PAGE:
I was going to start this thread after getting a little farther, but thought I'd get some first steps down along with the two photos I have so far.
Building a pair of X-MTMs and a X-CS for our downstairs tv room. Rather than doing the flat packs I'm building both cabinets from scratch for a few reasons:
- The MTM's need to be a little higher due to our listening height
- I want to use this as a means of getting better at woodworking
- It's an excuse to buy more tools
I ordered the parts from Danny a couple weeks ago and, like a lot of you, just waiting on some back-ordered parts.
I'm not afraid of tools and using my hands. I spent much of my life doing small boat repair (dinghys, racing shells and such), so I know my way around a sander, carbon, and epoxy. I've also taken on a few amateur carpentry projects around the house for things that we're fine with being not quite professional. Woodworking is a different animal, however, so I'll need to muddle through it.
My plan for the cabinets are to dado and rabbet most of the joints except the front baffle which will be a butt joint with dowels (I'll get into the reason for that later). The dado's and rabbets will be a new challenge, but I think the increased cabinet strength and easier assembly (fingers crossed) will make it worthwhile. Accuracy will be everything. I've pored over the plans countless times and drawn it out in Sketchup to make sure I have a good understanding of how the pieces are going to fit together. This may be old hat for the accomplished woodworkers in this forum, but it will be new territory for me and I'm a little nervous about it.
After watching some of Peter's videos, I was pretty selective with my choice of MDF and had to call around to multiple lumber yards to find high quality stuff to use. They even had 4'x10' sheets which allowed me to use two sheets rather than three. After spending even just a little time with it, I can see why MDF quality important and I can honestly vouch for it. It's true 3/4" thick, cut 1" over on both axes (49"x97"), tough, and great to work with (clean cuts with minimal tear out). Downsides, it's even heavier than box store MDF and I actually cut myself on one of the dado'd corners because it was so sharp. At $45 for a 4x8 sheet, it's not really that much more expensive than the cheap stuff, and the 4x10 sheet was only $10 more at $55.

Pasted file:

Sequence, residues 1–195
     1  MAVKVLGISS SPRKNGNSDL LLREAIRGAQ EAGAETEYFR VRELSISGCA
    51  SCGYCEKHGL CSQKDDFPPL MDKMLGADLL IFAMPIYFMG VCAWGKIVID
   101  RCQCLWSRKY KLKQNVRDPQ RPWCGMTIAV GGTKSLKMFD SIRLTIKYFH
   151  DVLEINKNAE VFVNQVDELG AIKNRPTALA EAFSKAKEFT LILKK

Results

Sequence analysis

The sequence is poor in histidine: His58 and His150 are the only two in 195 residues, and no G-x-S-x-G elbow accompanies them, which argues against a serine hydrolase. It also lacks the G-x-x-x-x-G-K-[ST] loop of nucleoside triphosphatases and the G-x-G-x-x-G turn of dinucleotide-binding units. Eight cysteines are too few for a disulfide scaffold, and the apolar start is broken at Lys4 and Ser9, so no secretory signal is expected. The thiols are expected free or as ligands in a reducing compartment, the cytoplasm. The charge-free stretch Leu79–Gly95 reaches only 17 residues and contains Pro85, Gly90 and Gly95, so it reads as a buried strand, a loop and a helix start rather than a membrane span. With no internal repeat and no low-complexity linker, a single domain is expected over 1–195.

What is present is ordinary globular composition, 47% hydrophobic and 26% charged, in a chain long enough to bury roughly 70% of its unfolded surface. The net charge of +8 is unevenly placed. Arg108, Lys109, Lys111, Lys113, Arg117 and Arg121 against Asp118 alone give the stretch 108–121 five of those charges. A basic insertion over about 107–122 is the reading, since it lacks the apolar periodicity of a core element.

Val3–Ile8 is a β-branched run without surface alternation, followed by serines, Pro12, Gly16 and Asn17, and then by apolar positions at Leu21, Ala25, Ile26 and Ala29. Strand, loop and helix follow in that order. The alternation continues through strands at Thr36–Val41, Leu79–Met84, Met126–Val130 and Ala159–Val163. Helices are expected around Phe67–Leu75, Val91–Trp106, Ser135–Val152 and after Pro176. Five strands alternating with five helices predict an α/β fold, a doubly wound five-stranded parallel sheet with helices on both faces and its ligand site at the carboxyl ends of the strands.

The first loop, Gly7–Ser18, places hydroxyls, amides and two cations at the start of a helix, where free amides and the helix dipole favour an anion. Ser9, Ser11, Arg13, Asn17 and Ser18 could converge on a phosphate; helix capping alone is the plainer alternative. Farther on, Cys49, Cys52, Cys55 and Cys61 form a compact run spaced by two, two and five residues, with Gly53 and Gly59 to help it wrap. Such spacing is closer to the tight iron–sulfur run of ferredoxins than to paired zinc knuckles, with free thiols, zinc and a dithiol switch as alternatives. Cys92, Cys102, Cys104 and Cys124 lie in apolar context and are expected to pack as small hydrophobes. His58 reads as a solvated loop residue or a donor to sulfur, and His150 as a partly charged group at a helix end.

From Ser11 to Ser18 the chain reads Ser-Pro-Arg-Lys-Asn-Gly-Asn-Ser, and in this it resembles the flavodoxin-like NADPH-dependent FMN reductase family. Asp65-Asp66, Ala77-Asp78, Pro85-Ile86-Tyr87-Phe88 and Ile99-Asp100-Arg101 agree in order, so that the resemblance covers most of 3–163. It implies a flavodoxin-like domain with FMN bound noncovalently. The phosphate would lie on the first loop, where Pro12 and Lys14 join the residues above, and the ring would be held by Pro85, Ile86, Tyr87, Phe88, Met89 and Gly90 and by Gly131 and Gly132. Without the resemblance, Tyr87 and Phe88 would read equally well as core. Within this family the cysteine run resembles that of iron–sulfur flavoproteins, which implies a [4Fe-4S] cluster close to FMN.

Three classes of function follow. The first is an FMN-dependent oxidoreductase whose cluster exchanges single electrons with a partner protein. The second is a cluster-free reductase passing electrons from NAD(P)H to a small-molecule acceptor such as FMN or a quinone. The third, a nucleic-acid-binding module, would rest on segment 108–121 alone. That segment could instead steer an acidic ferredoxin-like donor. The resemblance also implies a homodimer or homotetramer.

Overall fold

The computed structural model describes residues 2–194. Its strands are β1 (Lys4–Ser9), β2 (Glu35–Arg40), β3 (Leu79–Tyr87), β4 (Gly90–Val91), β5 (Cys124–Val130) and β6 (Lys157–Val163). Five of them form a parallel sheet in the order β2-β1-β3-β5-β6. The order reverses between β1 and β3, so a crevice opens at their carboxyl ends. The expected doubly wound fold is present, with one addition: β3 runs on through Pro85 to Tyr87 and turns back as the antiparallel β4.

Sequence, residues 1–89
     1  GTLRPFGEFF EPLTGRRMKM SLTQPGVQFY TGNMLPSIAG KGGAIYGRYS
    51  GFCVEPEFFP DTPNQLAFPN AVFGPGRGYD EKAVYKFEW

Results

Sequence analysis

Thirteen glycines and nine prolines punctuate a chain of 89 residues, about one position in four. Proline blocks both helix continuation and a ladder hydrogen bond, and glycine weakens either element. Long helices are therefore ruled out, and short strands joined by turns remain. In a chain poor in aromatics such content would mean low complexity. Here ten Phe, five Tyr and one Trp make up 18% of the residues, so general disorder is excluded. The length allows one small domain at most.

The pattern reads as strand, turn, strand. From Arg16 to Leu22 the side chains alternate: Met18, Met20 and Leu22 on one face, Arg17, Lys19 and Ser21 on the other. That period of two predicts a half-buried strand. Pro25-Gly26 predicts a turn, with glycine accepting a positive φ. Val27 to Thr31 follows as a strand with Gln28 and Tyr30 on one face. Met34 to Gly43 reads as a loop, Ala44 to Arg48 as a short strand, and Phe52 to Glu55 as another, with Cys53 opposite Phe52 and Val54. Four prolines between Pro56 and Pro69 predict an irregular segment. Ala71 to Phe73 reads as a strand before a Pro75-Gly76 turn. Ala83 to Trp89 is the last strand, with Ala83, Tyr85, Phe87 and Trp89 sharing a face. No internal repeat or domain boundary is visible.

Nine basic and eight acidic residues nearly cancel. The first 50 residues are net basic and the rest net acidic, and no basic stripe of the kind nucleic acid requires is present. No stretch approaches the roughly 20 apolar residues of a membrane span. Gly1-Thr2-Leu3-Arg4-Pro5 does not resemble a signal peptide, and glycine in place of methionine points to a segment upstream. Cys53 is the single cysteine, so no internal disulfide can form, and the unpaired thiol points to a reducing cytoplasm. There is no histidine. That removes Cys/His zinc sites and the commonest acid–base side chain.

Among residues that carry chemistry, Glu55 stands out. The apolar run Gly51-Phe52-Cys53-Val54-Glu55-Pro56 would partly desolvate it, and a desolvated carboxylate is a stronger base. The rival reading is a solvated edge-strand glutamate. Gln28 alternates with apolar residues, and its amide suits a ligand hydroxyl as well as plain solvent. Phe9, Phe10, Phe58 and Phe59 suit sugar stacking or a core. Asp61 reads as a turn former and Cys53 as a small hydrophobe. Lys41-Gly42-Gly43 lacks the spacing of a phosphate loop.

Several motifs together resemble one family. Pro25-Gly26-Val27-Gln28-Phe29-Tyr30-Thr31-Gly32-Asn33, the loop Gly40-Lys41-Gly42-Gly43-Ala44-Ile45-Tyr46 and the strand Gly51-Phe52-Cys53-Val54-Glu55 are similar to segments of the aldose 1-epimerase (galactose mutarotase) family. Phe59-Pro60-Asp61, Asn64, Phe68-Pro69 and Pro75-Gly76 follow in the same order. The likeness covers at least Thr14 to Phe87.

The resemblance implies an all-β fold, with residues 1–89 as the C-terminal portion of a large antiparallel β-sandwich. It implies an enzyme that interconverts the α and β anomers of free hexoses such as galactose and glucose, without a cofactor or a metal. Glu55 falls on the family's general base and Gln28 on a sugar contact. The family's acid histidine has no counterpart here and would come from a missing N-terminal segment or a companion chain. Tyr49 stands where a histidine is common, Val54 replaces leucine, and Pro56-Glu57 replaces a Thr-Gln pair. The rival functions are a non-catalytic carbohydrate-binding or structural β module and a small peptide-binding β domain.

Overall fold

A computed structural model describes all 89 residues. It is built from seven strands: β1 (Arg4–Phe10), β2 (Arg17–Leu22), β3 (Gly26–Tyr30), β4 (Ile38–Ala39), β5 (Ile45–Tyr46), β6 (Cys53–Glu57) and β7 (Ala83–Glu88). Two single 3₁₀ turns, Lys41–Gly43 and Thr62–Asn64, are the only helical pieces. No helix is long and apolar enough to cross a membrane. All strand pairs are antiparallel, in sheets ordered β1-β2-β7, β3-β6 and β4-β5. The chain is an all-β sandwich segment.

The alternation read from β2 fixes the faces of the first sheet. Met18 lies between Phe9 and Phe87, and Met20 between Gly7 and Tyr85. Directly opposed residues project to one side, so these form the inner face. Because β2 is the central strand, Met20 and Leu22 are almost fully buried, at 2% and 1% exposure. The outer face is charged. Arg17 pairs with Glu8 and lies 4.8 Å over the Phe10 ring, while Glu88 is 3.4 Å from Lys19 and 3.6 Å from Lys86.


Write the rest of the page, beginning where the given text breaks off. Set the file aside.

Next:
My steps so far:
- Cut down the panels to usable size
- Rout out the dados and rabbets before trimming out the parts.
Pic above shows one sheet that has the front, back, and sides of one MTM. The sheet on the table is about to get the same treatment for the other speaker. Top and bottoms will be rabbeted and cut out of the panel leaning in front of the first piece. The braces and X-CS will be cut out of the sheets behind the dadoed sheet.
I didn't get nearly as far as I wanted over the first weekend, but a couple early mistakes made me slow down a lot to make sure that each and every cut and router pass was dead on.
Things I learned/opportunities for improvement/screw ups:
- When doing my initial breakdown of the sheets I wrote down one number wrong, it was a 1 instead of 11. So...yeah, it was 10" off. Not the end of the world but it forced me to revamp most of my cut list.
- Know and understand the difference between a standard cut and climb cut with a router. Due to inexperience my first dado ran away from the fence. Luckily it's in an innocuous spot and can be fixed. After that I spent most of the morning making a more robust dado jig that ended up saving a lot of time and heartache in the long run.
- Almost forgot another. Keep track of the factory edges. I thought I was referencing a factory edge on my first round of dados only to find I was using a cut edge. I even ran a sharpie around the entire perimeter of each sheet before cutting them down to minimize the likelihood of this. Luckily my track saw cut was within 1/32, so I don't think it will have much effect. Bullet dodged.
I'm sure I'll learn more as I go along and should have more progress after this coming 3 day weekend.